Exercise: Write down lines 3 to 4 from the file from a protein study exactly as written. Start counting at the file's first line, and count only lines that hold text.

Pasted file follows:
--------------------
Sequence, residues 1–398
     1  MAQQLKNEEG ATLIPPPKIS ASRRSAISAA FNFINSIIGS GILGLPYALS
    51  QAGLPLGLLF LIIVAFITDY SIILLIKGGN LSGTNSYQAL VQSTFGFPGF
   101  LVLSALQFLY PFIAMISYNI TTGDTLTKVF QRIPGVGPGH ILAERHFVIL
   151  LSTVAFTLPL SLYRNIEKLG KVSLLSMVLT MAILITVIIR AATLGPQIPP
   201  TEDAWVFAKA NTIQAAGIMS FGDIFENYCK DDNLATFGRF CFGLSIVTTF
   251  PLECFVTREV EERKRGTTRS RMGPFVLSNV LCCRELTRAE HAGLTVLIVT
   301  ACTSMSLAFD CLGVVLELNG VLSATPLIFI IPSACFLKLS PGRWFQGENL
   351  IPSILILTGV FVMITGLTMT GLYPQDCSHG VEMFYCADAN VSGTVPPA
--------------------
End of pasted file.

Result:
    51  QAGLPLGLLF LIIVAFITDY SIILLIKGGN LSGTNSYQAL VQSTFGFPGF
   101  LVLSALQFLY PFIAMISYNI TTGDTLTKVF QRIPGVGPGH ILAERHFVIL